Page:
Back in March, we mocked the ECB's inflation forecasts with a post titled "Mario Draghi Reveals Biggest. Hockeystick. Ever!", which highlighted the ECB's ridiculous expectation that inflation would soar from 0.0% in 2015 to 2016. We though no other hockeystick could possibly surpass this. We were wrong.
Stocks Surge As ECB Expands QE Monetization Limits, Boost Purchase Threshold From 25% to 33% Per IssueSubmitted by Tyler Durden on 09/03/2015 - 08:43
ABN Amro was right: moments ago Mario Draghi announced that, just as the Pavlovian Dogs were salivating, the ECB would not leave markets hanging, and while not boosting QE in size, announced he would increase the amount of monetizable assets, i.e., the ECB's share limit per CUSIP equivalent, from 25% to 33%. The result: an immediate surge in both stocks (ES jumping 21 points) and bonds (the 10Y dropping to 2.156%).
Initial jobless claims have risen for 5 of the last 6 weeks with the last week showing a 12k rise to 282k. This is the biggest weekly rise in 2 months and raises the claims print overall to 2-month highs. Perhaps most remarkable is that initial jobless claims are now back up to unchanged since the end of QE3.
DRAGHI SAYS ISSUE SHARE LIMIT FOR QE RAISED TO 33% FROM 25%
ECB CUTS EURO-AREA INFLATION FORECASTS FOR 2015-2017
Mario Draghi holds court (on his birthday, no less) in a closely watched post-meeting presser as markets hope collapsing inflation expectations, heightened volatility, EM chaos, and China turmoil will be enough to force the ECB's hand.
Moments ago Challenger reported August job cuts, which at 41,186 were a 60% drop from the 115,730 reported last month (the highest since September 2011), which however was driven by a one-time mass layoffs last month in military staffing. Putting August in its correct perspective, the number was 2.9% higher than the same month a year ago, when 40,010 planned job cuts were announced. So far in 2015 employers have announced 434,554 job cuts: that is up 31 percent from the 332,931 planned layoffs in the first eight months of 2014. What is worst, and what reveals the true picture of the economy, is that with monthly totals averaging 54,319, 2015 job cuts are on track to exceed 650,000 for the yeajesusr, which would be the highest year-end tally since 2009 (1,272,030).
As expected, there was no change in the ECB's three key interest rates, with the main refi, lending and deposit rates staying where they were at 0.05%, 0.30% and -0.20%, respectively.
Riksbank won’t be passive if ECB makes big changes in its policy, Riksbank Governor Stefan Ingves says at press conference.
- U.S. Treasury's Lew says China will be held accountable on currency (Reuters) ... but not Japan
- Bank of Japan Not Convinced of Need for Further Easing (WSJ)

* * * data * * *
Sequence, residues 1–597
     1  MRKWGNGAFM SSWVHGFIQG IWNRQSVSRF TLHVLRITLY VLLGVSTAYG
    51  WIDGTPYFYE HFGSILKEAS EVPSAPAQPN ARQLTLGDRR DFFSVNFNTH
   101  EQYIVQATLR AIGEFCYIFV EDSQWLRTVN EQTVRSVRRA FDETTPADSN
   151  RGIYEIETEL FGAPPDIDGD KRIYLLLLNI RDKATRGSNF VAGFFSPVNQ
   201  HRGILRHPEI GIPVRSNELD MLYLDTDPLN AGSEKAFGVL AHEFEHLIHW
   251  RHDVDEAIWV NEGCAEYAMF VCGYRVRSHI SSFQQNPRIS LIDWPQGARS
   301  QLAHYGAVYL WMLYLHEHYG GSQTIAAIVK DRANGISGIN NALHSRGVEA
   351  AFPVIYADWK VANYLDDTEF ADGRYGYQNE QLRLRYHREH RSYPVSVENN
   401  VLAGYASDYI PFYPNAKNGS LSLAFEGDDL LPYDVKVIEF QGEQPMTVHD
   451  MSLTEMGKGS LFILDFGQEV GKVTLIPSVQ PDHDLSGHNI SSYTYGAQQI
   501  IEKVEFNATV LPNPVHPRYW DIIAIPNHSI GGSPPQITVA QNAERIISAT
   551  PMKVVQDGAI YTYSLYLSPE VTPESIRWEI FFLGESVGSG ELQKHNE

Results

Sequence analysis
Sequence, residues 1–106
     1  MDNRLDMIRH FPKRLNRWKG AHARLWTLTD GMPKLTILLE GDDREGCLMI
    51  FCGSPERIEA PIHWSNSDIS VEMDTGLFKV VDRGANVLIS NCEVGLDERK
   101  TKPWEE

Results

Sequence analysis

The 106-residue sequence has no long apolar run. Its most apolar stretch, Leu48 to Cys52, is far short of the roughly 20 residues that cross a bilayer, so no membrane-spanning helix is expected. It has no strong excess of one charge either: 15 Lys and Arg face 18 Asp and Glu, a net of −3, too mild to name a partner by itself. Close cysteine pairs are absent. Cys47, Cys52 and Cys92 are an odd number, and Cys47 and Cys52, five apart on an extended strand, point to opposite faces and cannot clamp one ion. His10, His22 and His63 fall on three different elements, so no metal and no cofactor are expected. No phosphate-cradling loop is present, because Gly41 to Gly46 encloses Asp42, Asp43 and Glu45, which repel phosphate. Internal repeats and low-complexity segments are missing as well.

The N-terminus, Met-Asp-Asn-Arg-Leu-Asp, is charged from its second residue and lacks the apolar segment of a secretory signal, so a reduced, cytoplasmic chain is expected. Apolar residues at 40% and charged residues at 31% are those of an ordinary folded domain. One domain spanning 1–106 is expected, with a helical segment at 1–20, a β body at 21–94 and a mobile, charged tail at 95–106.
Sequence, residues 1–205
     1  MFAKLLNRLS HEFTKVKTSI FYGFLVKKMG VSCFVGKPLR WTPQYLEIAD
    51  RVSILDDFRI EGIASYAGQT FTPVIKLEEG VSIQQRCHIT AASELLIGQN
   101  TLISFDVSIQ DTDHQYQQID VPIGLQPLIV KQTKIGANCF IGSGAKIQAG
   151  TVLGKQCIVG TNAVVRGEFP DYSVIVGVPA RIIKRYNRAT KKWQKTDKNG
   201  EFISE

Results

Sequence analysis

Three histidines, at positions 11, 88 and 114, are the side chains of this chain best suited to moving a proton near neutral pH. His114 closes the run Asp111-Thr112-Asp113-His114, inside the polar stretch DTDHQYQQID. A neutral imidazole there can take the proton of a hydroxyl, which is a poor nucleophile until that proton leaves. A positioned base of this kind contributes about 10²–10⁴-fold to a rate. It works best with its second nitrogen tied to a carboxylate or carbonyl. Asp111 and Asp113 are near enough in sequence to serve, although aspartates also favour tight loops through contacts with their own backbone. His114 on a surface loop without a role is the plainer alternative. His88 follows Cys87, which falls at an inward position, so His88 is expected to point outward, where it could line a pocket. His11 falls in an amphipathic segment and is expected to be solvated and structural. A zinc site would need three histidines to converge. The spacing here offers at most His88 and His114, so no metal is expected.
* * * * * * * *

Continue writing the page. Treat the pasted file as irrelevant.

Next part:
- Stocks Advance With Commodities on Signs of European Revival (BBG)
- IMF Says China Slowdown, Other Risks Threaten Global Outlook (WSJ)
- Xi Says China No Threat, Announces Military Cuts at Parade (BBG)
- China holds massive military parade, to cut troop levels by 300,000 (Reuters)
- Migrants leave Budapest for Austrian frontier; pressure builds for EU action (Reuters)
All eyes will be on Mario Draghi on Thursday as expectations for something big from the former Goldmanite have grown over the past two weeks. More specifically, some now think the odds of QE expansion have increased considerably in light of collapsing eurozone inflation expectations, the incipient threat of some $1 trillion in QE-offsetting EM FX reserve draw downs, turmoil in China's financial markets, heightened volatility across the globe, and chaos in emerging markets from LatAm to AsiaPac.
With China closed today, the usual overnight market manipulation fireworks out of Beijing were absent but that does not meant asset levitation could not take place, and instead of the daily kick start out of China today it has been all about the ECB which as we previewed two days ago, is expected - at least by some such as ABN Amro - to outright boost its QE, while virtually everyone else expects Draghi to not only cut the ECB's inflation forecast, which reminds us of the chart which in March we dubbed the biggest hockeystick ever (we knew it wouldn't last) but to verbally jawbone the Euro as low as possible (i.e., the Dax as high as it will get) even if the former Goldmanite does not explicitly commit to more QE.
This nation has become a land where character and integrity are secondary to profits for the few and self serving interests of the powerful. And as we are seeing already for the third time in this millennium’s infancy, stability and prosperity can be but short lived for even the highest paid CEO’s in such a world.
Live feed from China's Tiananmen Square, where moments ago, China's historic 70th V-Day celebration parade has begun.
Markets have "reached some kind of a tipping point," warns Marc Faber in this brief Bloomberg TV interview. Simply put, he explains, "because of modern central banking and repeated interventions with monetary policy, in other words, with QE, all around the world by central banks - there is no safe asset anymore." The purchasing power of money is going down, and Faber "would rather focus on precious metals because they do not depend on the industrial demand as much as base metals or industrial commodities," as it's now "obvious that the Chinese economy is growing at nowhere near what the Ministry of Truth is publishing."
As WSJ reports, "five Chinese navy ships are currently operating in the Bering Sea, off the coast of Alaska, the first time the U.S. military has seen such activity in the area, Pentagon officials said Wednesday.